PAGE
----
A Sheffield research group is backing a new prize designed to spotlight the best thinking in the field of political economy.
The Sheffield Political Economy Research Institute - SPERI - has joined forces with magazine the New Statesman to launch the award.
It is hoped The New Statesman SPERI Prize for Political Economy will inspire great minds of the future.
The prize will be awarded biennially, starting this year, to a scholar who has succeeded most effectively over the preceding two or three years in disseminating original and critical ideas in political economy to a wider public audience.
Professor Tony Payne, director of SPERI at The University of Sheffield, said: “We hope the prize will gain attention and become critically acclaimed. We will award it every two years and we want its standing and reputation to grow.
“It is important to have such a prize because political economy, although a very old field of study, has lately come to be eclipsed somewhat by the huge growth in the study of economics and politics as separate arenas of discussion and debate.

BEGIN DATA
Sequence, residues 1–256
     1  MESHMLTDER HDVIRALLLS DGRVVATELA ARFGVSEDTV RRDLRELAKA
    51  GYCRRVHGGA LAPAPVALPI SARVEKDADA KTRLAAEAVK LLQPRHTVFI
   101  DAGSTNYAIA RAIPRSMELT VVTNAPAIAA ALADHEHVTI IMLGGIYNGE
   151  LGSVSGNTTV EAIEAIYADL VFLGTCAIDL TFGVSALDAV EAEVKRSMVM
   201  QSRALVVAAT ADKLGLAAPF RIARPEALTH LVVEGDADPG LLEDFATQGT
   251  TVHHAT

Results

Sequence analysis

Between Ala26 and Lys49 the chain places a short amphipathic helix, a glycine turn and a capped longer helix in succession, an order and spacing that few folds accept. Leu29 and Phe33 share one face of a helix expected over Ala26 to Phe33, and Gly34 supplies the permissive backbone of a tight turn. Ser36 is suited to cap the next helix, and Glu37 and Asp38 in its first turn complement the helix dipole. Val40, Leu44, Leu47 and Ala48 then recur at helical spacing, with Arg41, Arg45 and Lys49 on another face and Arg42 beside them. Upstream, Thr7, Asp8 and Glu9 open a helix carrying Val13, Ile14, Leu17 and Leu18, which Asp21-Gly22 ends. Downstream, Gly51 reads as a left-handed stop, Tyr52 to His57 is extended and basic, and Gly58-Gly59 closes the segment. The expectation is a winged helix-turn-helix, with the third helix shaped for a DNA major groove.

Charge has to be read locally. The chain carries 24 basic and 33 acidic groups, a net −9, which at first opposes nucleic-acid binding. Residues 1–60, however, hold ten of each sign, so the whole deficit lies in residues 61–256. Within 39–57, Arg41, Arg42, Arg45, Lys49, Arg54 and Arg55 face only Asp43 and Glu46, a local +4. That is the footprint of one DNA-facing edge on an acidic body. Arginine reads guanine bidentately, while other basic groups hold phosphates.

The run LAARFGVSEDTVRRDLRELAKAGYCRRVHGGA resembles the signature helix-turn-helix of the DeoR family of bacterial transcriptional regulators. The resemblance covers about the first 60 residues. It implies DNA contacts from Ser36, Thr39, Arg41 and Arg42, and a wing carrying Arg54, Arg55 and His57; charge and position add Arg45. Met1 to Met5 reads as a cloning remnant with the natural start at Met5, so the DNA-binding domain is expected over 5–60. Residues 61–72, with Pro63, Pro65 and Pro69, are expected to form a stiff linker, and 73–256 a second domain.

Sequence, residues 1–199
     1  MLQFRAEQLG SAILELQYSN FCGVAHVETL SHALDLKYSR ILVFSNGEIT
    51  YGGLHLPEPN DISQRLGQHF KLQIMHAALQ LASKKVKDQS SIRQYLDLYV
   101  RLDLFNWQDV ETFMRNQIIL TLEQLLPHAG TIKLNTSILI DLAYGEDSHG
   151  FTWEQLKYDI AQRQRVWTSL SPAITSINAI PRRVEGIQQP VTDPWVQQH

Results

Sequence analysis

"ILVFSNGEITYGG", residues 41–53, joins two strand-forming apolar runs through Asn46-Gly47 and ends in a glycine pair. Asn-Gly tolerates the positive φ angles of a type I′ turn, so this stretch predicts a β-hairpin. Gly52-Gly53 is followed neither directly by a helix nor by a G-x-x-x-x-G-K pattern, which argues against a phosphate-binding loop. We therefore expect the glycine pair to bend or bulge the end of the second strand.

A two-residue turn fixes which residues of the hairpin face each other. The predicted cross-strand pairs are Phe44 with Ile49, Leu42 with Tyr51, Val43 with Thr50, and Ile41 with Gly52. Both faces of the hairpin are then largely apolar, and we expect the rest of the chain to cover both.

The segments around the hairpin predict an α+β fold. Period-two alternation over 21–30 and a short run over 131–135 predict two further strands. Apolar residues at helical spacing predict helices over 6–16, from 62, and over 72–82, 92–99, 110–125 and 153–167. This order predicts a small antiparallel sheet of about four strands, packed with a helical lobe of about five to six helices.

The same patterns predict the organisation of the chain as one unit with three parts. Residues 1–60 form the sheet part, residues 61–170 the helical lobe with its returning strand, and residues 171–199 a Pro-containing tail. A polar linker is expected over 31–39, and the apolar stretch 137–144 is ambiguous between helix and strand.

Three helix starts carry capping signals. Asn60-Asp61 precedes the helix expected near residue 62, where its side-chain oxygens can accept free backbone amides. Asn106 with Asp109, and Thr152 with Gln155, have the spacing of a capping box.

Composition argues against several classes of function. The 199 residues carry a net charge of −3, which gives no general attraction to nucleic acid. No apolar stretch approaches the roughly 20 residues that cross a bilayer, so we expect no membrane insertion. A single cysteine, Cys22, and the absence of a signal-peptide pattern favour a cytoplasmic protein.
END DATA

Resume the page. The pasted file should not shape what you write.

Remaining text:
“Political economy does not recognise this separation and seeks to speak much more to the real world. This is badly needed after the great post-2008 crisis in which economics and politics have been consistently wound together in complicated and unusual ways.”
Members of the prize jury are currently being selected and will be announced soon. The jury will prepare a shortlist of up to six names which will be announced in September.
“We are presently assembling the prize jury,” said Professor Payne.
“Its first task will be to put together a shortlist of possible winners of the New Statesman SPERI prize.”
The first winner of the prize will be announced in October and will deliver a prize lecture in London at the Royal Institution in November.